Schroders half-year profits soar by 50%

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The Independent Online

Schroders, the UK-listed fund manager, booked in another bumper six months of profit yesterday, announcing pre-tax earnings of £65.8m for the first half of 2004 - up more than 50 per cent on the same period last year.

Schroders, the UK-listed fund manager, booked in another bumper six months of profit yesterday, announcing pre-tax earnings of £65.8m for the first half of 2004 - up more than 50 per cent on the same period last year.

Michael Dobson, the chief executive, said the company's continued improvement had been driven by an influx of specialist, higher margin institutional mandates, which had more than compensated for the continued outflow of larger balanced mandates.

Jonathan Asquith, the chief financial officer, said that as the group passed the halfway period in its four-year turn-around plan, it had now finished its cost-cutting phase and was focusing on bringing in new and more profitable business. "2004 is about raising revenues and keeping costs under control, and indeed with the right opportunities, we would invest," he said.

Mr Asquith pointed out that whilst last year's improvement in profits had been achieved -almost entirely by cost-savings, the improvement over the year to date had been driven by an increase in asset management profits.

The group said it would raise its interim dividend by 18 per cent to 6.5p but warned that a hike of similar proportions was unlikely to be seen in the second half, as it tries to even out the difference between its interim and final dividends.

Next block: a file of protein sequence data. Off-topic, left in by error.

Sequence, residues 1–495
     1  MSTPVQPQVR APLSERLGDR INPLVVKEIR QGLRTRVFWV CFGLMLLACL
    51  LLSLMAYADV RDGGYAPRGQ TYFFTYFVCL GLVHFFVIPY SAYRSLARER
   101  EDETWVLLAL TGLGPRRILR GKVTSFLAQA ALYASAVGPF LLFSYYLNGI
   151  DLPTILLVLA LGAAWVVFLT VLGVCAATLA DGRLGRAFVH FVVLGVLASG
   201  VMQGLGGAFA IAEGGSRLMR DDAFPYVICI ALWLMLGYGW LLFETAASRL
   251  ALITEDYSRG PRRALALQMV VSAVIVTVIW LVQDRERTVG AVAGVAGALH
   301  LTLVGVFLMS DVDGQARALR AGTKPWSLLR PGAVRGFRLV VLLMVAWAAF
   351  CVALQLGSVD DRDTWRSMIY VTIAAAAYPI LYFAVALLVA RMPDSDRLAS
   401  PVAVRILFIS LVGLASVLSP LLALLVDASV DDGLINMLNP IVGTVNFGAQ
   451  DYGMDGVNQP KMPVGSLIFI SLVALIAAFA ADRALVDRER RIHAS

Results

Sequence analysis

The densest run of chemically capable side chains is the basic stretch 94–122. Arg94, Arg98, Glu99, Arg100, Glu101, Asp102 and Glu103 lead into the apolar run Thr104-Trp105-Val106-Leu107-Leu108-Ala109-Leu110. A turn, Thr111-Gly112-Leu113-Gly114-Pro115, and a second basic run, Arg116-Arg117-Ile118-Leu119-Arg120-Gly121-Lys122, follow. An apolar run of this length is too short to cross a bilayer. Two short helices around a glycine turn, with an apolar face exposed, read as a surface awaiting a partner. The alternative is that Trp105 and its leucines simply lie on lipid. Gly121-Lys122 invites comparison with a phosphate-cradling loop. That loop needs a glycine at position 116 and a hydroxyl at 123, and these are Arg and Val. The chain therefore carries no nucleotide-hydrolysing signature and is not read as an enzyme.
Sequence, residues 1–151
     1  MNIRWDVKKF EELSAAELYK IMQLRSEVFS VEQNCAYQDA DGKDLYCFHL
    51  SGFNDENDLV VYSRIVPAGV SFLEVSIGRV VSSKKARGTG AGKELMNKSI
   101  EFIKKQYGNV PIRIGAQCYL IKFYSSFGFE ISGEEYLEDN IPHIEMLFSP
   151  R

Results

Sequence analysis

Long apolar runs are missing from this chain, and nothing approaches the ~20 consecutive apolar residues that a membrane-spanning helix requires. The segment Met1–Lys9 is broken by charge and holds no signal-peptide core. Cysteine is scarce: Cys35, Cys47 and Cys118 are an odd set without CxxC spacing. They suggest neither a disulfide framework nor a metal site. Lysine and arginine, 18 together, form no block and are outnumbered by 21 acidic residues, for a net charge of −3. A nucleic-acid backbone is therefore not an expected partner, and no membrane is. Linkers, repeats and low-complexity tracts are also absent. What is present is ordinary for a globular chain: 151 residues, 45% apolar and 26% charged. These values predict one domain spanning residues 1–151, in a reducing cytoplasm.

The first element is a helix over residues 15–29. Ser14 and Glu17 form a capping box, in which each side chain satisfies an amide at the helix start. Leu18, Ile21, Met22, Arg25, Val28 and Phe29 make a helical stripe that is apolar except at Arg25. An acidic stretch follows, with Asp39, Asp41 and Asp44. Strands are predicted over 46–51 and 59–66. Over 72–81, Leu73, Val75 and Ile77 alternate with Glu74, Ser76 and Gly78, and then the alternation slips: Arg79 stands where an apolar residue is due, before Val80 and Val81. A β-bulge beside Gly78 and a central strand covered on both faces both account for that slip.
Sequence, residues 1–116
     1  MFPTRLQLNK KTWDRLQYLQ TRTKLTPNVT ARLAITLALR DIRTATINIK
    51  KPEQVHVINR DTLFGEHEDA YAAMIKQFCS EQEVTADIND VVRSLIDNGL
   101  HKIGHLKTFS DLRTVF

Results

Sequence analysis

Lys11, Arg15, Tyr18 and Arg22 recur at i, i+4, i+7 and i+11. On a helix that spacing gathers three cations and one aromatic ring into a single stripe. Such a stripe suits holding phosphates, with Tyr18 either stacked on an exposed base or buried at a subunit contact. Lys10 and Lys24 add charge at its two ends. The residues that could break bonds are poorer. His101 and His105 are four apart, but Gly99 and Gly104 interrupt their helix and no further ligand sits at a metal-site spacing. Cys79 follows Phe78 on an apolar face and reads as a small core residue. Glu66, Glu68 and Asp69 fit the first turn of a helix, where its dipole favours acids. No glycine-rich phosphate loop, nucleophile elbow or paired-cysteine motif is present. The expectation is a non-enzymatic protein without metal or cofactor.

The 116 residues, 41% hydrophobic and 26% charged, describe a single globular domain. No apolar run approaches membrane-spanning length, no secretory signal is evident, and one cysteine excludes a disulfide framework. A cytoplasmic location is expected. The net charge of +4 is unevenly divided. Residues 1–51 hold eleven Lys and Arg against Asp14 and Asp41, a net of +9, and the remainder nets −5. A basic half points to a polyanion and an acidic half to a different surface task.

Earlier this year, the company came under fire from Pirc, the corporate governance consultants, for not having its full year dividend covered by its annual profits. However, Mr Asquith dismissed the criticism as "box ticking", insisting that the group was unlikely to have any difficulty covering its total dividend payout this year.

Mr Dobson said Schroders had benefited from the change in preference amongst institutional investors over the last year, which saw them moving to split up their assets and hand them out to a number of specialist managers, rather than handing them all to the same company. He said this smaller business was more profitable. However, the loss of the larger mandates meant that the group was prone to seeing sharp and substantial movements in its level of total assets.

Schroders' funds continued to perform well over the half, with 72 per cent of its retail and institutional funds beating their benchmark over the past three years. Mr Dobson said the group would not be afraid to close funds to new business if it believed they had reached a reasonable capacity.

He also said Schroders remained interested in making small "bolt-on" acquisitions but was not in the market to take on a big deal which could upset its organic growth strategy.

"We do think we'll probably find an acquisition," Mr Dobson said. "If we find something small and complementary that doesn't throw us off the organic growth path we're on, then we'll look at it."

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